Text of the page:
Weeds, “A Yippity Sippety” (6.03)

“This is our normal.” – Nancy Botwin.

A review of the third episode of Weeds‘ sixth season, written by Brendan Kelly and directed by Tate Donovan, after the jump…

After last week’s dramatic-yet-funny segment, the show reverses that formula: despite an excellent scene in which Nancy lays out her belief that everything that’s happened to them was inevitable, the show mostly mines their new situation for some very amusing comedy.

Weeds was always funniest when it looked at the minutiae of boring life, reminding us that our accountants and City Council members dealt with life’s little boredoms by smoking up and that the local PTA-crazy mom might be having an exlax-based war with her chubby-but-awesome daughter. Watching these characters deal with the bizarre and uncomfortable quirks of scab jobs goes right back to the spirit of the early seasons. Patrick Fischler‘s boss character, in particular, recalls those glory days by being an amazingly perfect prick. The Wire‘s Michael Kostroff also does that, with his broke high-end stroller salesman

And putting the crew into the very kinds of jobs that Nancy started dealing to avoid is very fertile soil for comedy while also offering an opportunity for our cast to again reflect on their journey so far. It’s funny to watch Nancy struggle as a maid because this is, pardon the pun, the bed she made that she now has to lie in. It’s also funny because most people have encountered similar situations to Nancy and enjoy laughing in sympathy with her; people, when they don’t need to be accountable for their actions, are very often assholes, and people like maids are forced to clean up after them.

And though watching tone-deaf and pride-wounded Andy talk his way into the hole was mostly irritating, it made the moment where the chef put him in his place very satisfying. Shane’s resourcefulness (aka thievery) also earned a laugh.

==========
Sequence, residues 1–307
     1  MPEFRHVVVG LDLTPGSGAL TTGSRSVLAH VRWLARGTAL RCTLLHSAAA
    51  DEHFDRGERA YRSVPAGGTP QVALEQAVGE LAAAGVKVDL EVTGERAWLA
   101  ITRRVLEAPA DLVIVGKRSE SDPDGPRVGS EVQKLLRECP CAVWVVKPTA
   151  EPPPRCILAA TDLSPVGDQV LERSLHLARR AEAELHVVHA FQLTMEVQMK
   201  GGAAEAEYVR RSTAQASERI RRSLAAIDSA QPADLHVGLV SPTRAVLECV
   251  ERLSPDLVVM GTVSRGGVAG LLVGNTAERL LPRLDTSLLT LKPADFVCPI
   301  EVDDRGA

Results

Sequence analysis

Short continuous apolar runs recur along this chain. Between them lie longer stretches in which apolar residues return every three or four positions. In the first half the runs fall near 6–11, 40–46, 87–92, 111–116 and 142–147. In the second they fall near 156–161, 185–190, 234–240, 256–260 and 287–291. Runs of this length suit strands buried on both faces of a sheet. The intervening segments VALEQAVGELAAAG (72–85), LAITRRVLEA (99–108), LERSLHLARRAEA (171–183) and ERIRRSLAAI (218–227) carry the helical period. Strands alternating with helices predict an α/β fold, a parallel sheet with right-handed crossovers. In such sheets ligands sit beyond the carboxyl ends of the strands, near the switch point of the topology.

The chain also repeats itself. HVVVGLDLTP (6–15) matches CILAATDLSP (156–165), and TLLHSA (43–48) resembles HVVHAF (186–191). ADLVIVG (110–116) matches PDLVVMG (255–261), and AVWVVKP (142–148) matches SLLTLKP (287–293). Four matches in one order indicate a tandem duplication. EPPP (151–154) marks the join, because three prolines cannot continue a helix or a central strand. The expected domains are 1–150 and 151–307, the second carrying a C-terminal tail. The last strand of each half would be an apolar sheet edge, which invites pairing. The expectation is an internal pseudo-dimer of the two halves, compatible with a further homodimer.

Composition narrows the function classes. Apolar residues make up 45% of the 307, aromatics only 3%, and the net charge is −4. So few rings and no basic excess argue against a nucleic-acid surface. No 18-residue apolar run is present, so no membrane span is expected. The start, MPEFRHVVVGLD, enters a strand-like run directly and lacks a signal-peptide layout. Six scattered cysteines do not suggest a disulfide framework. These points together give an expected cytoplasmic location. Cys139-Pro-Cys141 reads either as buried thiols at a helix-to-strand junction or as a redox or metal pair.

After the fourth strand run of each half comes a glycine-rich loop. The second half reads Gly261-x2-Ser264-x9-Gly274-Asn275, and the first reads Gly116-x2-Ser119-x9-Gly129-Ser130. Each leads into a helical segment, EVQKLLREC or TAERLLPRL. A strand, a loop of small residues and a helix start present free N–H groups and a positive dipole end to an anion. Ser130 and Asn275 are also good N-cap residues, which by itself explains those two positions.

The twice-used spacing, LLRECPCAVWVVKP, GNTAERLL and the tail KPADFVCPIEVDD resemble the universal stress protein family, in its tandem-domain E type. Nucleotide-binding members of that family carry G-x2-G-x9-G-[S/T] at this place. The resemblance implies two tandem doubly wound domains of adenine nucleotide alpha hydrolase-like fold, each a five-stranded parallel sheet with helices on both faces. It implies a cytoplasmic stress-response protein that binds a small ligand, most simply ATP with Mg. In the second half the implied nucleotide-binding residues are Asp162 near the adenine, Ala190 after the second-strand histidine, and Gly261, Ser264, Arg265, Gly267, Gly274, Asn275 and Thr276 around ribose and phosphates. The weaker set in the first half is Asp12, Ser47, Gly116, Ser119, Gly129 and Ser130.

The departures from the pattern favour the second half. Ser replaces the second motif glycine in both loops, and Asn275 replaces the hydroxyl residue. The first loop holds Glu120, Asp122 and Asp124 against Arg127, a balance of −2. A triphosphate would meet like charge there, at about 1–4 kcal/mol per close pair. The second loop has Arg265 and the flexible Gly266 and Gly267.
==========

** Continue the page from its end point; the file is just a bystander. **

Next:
The one plot that was less funny than squirm-inducing is a guest abusing Silas’ need for money and position of lesser power to induce him to read to him in his underwear. But it, like the other scenarios, reflects each character’s approach to their new life, which is exactly their approach to their old life, reminding us why this can’t work.

Nancy can’t bear to have a superior, and has to compensate for the frustration of being an underling by enjoying her power position over the shackled guest. In the end, though, she can’t escape the fact that she’s a maid, and that she has no power in her new life as Nathalie Newman. And so, in exactly the same place as she was when Judah died, in a way, she turns back to the old habit. But this time, instead of dealing weed, she’s making hash. I doubt it’ll turn any better than her other attempts at  reinvention/resurrection.

Andy, in his new life, is still belligerently self-centred and irritating, even when he’s Randy. Silas, aka ‘Mike’, is still making sacrifices to keep this family afloat, this time allowing himself to be put into a very uncomfortable position to earn them money. And Shane is still committing crimes for the betterment of the family, whether they be the Botwins or the Newmans. As the song at the end of the episode reminds us, each one is “happy being me”, no matter how much change they purport to be enacting in this so-called new life.

Because they are who they are. Silas questions whether their lives would be different if Nancy had gotten a job at the Gap, but that’s the wrong question, because Nancy couldn’t get a job at the Gap. It goes against every fibre of her being.  She would have pushed and pushed things to a crisis point anyway, because that’s who she is.

And I’m okay with that. Because I’m fascinated, and I want to see exactly where this family goes.


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